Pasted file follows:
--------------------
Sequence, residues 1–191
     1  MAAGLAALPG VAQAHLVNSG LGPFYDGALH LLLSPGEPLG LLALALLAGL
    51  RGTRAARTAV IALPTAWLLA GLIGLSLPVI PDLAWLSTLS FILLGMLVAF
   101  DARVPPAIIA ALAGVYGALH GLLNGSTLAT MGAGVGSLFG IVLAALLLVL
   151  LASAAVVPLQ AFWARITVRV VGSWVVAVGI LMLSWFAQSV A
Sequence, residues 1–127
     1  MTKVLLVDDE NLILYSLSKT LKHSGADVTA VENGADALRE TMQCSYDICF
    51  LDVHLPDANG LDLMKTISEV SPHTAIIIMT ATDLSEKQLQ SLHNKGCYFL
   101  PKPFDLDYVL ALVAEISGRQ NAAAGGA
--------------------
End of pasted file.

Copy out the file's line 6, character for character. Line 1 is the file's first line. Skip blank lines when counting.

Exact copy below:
Sequence, residues 1–127